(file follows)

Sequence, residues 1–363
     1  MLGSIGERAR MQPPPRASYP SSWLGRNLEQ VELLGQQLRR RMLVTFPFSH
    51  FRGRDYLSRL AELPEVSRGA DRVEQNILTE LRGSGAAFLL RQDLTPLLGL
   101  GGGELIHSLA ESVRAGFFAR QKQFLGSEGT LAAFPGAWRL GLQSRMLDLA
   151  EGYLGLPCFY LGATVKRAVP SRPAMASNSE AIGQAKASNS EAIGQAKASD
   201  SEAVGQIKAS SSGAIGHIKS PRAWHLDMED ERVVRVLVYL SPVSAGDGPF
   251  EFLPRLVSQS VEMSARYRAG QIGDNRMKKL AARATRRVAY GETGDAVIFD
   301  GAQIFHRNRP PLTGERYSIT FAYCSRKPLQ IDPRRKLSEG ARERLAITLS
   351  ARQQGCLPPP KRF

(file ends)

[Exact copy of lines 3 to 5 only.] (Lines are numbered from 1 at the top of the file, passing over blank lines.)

    51  FRGRDYLSRL AELPEVSRGA DRVEQNILTE LRGSGAAFLL RQDLTPLLGL
   101  GGGELIHSLA ESVRAGFFAR QKQFLGSEGT LAAFPGAWRL GLQSRMLDLA
   151  EGYLGLPCFY LGATVKRAVP SRPAMASNSE AIGQAKASNS EAIGQAKASD